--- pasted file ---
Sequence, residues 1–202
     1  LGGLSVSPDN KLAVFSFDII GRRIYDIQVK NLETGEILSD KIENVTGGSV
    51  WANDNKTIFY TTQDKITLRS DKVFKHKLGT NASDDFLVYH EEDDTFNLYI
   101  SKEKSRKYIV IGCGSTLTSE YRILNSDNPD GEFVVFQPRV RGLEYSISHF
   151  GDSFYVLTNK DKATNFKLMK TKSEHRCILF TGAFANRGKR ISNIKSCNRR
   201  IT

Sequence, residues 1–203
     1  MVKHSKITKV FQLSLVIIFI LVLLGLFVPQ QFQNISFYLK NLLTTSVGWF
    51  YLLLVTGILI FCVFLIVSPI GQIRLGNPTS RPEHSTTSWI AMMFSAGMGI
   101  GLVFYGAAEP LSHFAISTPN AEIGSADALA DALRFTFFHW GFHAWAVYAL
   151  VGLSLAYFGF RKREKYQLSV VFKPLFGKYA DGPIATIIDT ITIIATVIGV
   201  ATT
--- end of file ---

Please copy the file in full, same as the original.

Sequence, residues 1–202
     1  LGGLSVSPDN KLAVFSFDII GRRIYDIQVK NLETGEILSD KIENVTGGSV
    51  WANDNKTIFY TTQDKITLRS DKVFKHKLGT NASDDFLVYH EEDDTFNLYI
   101  SKEKSRKYIV IGCGSTLTSE YRILNSDNPD GEFVVFQPRV RGLEYSISHF
   151  GDSFYVLTNK DKATNFKLMK TKSEHRCILF TGAFANRGKR ISNIKSCNRR
   201  IT

Sequence, residues 1–203
     1  MVKHSKITKV FQLSLVIIFI LVLLGLFVPQ QFQNISFYLK NLLTTSVGWF
    51  YLLLVTGILI FCVFLIVSPI GQIRLGNPTS RPEHSTTSWI AMMFSAGMGI
   101  GLVFYGAAEP LSHFAISTPN AEIGSADALA DALRFTFFHW GFHAWAVYAL
   151  VGLSLAYFGF RKREKYQLSV VFKPLFGKYA DGPIATIIDT ITIIATVIGV
   201  ATT